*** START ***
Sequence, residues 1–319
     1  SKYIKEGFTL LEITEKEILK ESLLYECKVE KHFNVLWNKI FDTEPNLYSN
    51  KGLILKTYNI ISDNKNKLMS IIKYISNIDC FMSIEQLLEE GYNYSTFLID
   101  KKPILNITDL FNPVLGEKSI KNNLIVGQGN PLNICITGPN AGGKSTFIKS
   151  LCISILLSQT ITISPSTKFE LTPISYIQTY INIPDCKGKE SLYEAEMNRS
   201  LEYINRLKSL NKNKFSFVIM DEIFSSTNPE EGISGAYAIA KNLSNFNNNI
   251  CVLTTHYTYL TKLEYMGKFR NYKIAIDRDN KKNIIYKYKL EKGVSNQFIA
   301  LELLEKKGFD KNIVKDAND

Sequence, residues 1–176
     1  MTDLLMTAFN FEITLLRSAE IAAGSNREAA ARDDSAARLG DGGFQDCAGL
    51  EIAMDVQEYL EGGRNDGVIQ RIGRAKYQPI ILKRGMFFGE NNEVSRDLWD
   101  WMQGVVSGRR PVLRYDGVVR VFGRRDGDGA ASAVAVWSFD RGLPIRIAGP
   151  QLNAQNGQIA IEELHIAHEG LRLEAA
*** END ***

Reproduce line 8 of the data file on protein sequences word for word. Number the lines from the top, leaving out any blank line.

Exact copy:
   301  LELLEKKGFD KNIVKDAND